Does losing half a million listeners mean BBC Radio 2 is in trouble? While headlines scream that older listeners are deserting the popular radio station after the departure of Paul O’Grady and Vanessa Feltz – soon to be followed by Ken Bruce – rumours of its demise are overstated.
A radio station operating on such a big scale – with more than 14 million listeners, compared with fast-growing commercial rivals such as Greatest Hits Radio with 4.4 million – will inevitably see rises and falls in its Rajar figures every year.
And rumours of a shift to appeal to a 90s-loving younger demographic of “mood mums” might also be overstated. “Radio 2 will continue to be a multi-generational radio station that serves a 35-plus audience, a target audience which hasn’t changed in decades,” says a spokesperson.
When it comes to presenters, Radio 2 has no duds, from Zoe Ball’s Breakfast Show to Sara Cox’s bouncy tea-time party. Ex-Radio 1 DJ Scott Mills is already bedding in brilliantly in the 2-4pm slot: it’s hard to find a better-paced and more authentic show on radio. And when it comes to warm personalities, Radio 2 has the king of mood-enhancement Rylan Clark, who shepherded listeners through lockdown and beyond with his easy chat and upbeat pop.
All good ingredients for a radio station, but there’s no doubt that commercial radio is having a moment and making bold strides to gain ground as some older listeners struggle to connect with Mills and the gang. If they’re looking for a new home, those 50-plus youngsters have two places where they’re very welcome: Boom Radio and Greatest Hits Radio, which made headlines by signing the beloved Ken Bruce last month.
Boom has just doubled its audience in a year to nearly half a million, which is a real achievement for a niche radio station where DJs, including the legendary David Hamilton, broadcast from their homes. One of Boom Radio’s founders, David Lloyd, is clear about its appeal. “We don’t see ourselves as an ‘oldies’ station, because to us the songs are not oldies – they’re just great pieces of music. We’re not stuck in a timewarp, we sprinkle in newer songs as well,” he says.
“GHR tends to target under 60s, whereas we go for young people who happen to be over 60, so between us we can catch those who fall out of Radio 2. There’s nothing wrong with targeting younger people, but you can’t serve people who are both 35 and 65.”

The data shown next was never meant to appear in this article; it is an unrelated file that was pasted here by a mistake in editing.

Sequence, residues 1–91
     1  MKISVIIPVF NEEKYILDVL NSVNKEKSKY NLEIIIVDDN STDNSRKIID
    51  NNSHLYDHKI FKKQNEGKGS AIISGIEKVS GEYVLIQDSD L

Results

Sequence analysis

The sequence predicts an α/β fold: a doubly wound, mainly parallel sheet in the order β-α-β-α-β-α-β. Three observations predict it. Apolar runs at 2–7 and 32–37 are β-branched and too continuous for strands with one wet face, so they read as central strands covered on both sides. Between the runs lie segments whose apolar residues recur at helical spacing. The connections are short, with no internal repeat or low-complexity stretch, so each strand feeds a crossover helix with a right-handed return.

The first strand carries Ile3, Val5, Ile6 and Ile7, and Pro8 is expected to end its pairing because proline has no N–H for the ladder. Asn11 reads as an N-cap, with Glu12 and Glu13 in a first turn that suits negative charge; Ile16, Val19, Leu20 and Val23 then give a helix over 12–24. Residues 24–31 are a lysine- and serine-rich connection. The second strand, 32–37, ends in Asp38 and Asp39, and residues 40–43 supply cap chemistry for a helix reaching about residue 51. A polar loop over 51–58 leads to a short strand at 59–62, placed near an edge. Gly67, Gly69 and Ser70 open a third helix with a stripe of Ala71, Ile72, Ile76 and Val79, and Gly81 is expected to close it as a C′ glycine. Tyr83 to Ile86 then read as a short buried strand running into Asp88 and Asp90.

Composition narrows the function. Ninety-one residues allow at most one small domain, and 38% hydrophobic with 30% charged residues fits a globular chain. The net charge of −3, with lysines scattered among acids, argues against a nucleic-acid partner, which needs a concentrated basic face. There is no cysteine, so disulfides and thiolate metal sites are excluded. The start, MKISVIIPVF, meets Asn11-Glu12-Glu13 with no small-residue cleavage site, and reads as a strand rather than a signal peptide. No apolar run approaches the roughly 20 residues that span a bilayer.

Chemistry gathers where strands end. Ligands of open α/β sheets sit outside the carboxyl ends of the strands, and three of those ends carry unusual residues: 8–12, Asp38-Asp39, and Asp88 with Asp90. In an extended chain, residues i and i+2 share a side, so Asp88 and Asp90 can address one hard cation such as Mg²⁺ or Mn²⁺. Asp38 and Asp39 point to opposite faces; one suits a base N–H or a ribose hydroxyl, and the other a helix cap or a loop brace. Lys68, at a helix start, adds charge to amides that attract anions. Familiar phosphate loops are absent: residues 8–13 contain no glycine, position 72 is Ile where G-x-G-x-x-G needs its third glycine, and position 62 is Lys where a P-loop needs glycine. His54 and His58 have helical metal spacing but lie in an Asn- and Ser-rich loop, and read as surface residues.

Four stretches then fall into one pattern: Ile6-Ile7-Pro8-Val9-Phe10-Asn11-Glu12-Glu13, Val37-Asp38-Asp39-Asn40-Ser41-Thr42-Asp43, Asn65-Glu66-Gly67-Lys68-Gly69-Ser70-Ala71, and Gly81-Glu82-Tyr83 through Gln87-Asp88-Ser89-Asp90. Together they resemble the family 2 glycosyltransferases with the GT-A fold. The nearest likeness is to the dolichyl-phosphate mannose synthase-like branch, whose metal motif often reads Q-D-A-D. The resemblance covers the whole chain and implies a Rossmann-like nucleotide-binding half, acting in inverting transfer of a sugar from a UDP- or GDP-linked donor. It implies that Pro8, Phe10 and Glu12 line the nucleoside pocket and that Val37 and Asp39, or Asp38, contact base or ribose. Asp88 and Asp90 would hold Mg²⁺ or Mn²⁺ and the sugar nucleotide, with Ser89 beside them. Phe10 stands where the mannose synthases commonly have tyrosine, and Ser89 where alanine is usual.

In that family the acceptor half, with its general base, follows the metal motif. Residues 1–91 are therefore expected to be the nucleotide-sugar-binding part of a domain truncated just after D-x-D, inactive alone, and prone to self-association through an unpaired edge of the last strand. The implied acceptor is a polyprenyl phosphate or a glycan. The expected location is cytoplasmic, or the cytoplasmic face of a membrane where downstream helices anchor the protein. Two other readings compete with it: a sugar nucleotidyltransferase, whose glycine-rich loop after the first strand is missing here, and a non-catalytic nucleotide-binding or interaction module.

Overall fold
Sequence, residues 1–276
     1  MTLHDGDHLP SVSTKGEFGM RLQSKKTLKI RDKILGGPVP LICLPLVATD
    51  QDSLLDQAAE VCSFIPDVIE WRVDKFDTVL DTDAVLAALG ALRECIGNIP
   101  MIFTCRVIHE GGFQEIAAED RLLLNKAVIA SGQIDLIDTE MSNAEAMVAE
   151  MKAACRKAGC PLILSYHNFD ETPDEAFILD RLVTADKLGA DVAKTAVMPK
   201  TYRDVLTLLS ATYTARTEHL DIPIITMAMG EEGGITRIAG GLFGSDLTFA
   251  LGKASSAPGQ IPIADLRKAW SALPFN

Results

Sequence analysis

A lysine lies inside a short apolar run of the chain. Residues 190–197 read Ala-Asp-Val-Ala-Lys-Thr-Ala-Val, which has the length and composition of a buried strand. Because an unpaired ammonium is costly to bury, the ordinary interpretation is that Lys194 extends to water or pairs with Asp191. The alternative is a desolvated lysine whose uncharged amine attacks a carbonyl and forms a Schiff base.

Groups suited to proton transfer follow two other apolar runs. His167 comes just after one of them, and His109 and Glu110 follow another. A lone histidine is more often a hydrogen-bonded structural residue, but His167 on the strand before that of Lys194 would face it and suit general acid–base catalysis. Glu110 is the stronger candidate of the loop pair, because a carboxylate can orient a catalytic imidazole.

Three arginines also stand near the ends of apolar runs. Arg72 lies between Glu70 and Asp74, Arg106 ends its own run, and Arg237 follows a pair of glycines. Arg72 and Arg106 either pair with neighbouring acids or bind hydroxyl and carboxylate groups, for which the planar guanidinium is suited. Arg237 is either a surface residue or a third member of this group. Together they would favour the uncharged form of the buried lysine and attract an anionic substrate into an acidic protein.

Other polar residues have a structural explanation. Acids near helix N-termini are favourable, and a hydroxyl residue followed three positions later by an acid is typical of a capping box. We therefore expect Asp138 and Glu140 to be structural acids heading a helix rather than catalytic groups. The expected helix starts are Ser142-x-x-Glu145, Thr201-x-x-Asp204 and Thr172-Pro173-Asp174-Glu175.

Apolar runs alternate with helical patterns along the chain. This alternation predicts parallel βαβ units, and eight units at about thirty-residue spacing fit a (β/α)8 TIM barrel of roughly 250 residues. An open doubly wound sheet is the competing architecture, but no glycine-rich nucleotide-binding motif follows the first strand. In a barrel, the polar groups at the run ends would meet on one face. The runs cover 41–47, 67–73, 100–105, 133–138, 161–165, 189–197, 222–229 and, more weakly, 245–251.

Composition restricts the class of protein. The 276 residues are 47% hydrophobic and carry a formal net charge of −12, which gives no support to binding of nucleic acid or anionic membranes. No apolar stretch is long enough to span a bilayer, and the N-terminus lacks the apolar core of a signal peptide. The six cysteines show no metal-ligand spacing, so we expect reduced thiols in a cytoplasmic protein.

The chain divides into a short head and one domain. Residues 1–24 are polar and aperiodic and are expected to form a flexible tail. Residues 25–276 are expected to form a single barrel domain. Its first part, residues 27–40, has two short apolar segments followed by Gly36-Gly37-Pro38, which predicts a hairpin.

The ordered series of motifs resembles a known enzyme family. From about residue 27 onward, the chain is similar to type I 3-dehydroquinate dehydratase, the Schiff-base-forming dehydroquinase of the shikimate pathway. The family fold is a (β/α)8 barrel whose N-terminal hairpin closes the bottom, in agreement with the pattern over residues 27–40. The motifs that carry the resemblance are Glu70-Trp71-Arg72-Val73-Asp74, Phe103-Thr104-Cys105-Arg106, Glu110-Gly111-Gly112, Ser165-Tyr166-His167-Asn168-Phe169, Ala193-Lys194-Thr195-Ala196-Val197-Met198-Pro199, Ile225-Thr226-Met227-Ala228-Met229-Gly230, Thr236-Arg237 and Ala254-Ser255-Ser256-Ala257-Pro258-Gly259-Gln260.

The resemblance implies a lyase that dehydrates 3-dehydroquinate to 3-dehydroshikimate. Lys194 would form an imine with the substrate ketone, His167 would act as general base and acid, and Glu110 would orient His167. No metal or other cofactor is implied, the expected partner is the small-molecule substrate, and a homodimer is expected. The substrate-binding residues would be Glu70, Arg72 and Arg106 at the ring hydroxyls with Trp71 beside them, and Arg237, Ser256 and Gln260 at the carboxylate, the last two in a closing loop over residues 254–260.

Ex-Radio 2 DJ Simon Mayo presents GHR’s Drivetime show and he’s in no doubt about what his audience wants. “Most of our listeners can listen to all their record collection on their phone, so if you’re going to listen to the radio you want a host who’s going to be good company,” says Mayo.
“You need a presenter who’s considered a friend behind the microphone, who makes you feel better than you did when you turned the radio on.”
And Mayo, like his stablemate Mark Goodier, knows how to deliver on that brief, backed up by a playlist of familiar songs from the 1960s to 1990s, plus regular features.
Mayo’s Confessions, which has been exposing listeners’ darkest secrets for more than 25 years, is still a regular part of his show, while Goodier hosts the daily Top Ten at Ten, an addictive guess-the-year quiz that rivals Bruce’s PopMaster for fiendishness.
As strong as commercial rivals are, Radio 2 still has so much to be upbeat about. While Boom and GHR’s line-up is predominantly white and more likely to be male, Radio 2’s is more diverse, with Trevor Nelson and DJ Spoony (both in their 50s) bringing banging tunes.
And last weekend, Tony Blackburn celebrated his 80th birthday on air, proving that there’s still room for a veteran DJ with an unrivalled knowledge of soul music from every era.
But the real winners are Radio 2’s older listeners – both current and lapsed – with more high-quality broadcasters targeting them than ever.
• The subheading and text of this article were amended on 2 February 2023. An earlier version said that Steve Wright had left Radio 2. Although he no longer does his afternoon show, he continues to present Sunday Love Songs.